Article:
In a picture the UFT distributed on Twitter, President Michael Mulgrew and AFT President Randi Weingarten wear red today to show solidarity with teachers on strike in Chicago. When teachers in the country's third-largest school district go on strike, the question is only natural: Could the same thing happen in New York City? The answer is yes, in theory. But there are a host of reasons why New York City teachers probably won't follow their Chicago colleagues in trading the classroom for the picket line any time soon. Here are several issues to consider: Only some of the issues in dispute in Chicago are also under contention in New York City. Like Chicago's teachers, city teachers would like a pay hike. They've have gone without substantial raises for several years. And like Chicago's union, the UFT is very concerned about some elements of the reform agenda that the Obama administration has advanced, particularly about the use of student test scores in teacher evaluation systems. That issue has caused acute tensions between the UFT and the Bloomberg administration for more than a year, keeping the city so far from complying with the state's new teacher evaluation requirements. But New York City teachers don't have to grapple with many of the issues Chicago teachers face. The union contract already contains class size limits, even if the union says they are sometimes skirted. Recall rights for laid-off teachers have been in place for decades. And the school year has long been 180 days. And because the policy agenda that Mayor Rahm Emanuel brought to Chicago last year has been solidly in place in New York City for nearly a decade, city teachers and their union have had more time to adjust and reach compromises. While the Bloomberg administration and the UFT haven't agreed on the technical points of teacher evaluations, they have struck a broad agreement on the concept that student test scores can play some role in ratings. They have already agreed to extend the school day and given schools options to add even more time. And their 2005 contract created an Absent Teacher Reserve with no time limit on how long teachers can draw salaries without occupying permanent positions after losing their old ones — a policy that city officials now want to change but so far have not been able to. The UFT more resembles 2009's Chicago Teachers Union than today's. Like Chicago's union until recently, the United Federation of Teachers has long been dominated by a single caucus that has been willing to work with city officials to reach compromises on issues such as teacher placement, extending the school day, and even evaluations. The compromises have angered some union members, who have criticized the union and its leadership for not adequately defending teachers' rights. But unlike in Chicago, where the Caucus of Rank-and-File Educators, or CORE, seized power in 2010, there hasn't yet been a serious threat to Unity's power. In the last union elections, the caucus's candidate for president, Michael Mulgrew, won with 91 percent of the vote.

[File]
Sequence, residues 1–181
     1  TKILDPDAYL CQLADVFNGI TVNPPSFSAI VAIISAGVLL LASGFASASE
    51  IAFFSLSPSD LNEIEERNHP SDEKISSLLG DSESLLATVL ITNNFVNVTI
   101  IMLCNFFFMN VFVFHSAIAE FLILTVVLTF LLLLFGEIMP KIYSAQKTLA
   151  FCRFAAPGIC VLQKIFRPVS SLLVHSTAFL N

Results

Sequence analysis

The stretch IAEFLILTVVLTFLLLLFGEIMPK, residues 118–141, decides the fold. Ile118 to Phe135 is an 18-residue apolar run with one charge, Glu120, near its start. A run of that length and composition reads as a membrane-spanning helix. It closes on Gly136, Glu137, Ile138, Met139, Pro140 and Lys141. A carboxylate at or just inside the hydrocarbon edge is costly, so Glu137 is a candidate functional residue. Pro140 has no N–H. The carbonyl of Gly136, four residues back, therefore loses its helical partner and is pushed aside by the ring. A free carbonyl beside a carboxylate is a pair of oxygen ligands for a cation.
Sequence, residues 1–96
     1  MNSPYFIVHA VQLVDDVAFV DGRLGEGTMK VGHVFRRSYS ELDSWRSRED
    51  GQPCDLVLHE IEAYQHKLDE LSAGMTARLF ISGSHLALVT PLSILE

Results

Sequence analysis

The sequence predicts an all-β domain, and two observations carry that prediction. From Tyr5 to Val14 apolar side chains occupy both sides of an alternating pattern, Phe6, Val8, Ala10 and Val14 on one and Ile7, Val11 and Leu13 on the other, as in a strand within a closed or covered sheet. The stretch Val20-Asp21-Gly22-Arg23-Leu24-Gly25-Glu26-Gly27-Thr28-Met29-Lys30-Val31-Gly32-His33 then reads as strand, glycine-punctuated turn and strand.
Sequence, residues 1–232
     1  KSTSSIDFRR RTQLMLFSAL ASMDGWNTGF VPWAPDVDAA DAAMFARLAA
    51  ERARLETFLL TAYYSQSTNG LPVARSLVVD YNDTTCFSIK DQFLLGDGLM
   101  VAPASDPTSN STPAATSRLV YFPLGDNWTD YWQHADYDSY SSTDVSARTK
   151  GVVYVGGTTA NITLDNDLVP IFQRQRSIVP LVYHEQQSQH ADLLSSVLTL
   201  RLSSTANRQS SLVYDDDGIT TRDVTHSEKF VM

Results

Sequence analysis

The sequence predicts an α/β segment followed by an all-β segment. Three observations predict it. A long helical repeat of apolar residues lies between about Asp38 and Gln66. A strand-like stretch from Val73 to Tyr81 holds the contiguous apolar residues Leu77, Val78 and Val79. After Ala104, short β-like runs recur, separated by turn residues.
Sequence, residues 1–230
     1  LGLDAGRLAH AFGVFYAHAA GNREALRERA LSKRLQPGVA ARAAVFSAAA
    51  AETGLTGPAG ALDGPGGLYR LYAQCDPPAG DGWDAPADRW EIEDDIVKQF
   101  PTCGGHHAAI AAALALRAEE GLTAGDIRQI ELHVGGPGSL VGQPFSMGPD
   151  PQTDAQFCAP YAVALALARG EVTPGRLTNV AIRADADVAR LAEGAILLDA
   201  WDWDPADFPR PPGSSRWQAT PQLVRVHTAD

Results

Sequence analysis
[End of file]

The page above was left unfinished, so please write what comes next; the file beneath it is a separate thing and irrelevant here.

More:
September 10, 2012
Why Chicago teachers are on strike and what could come next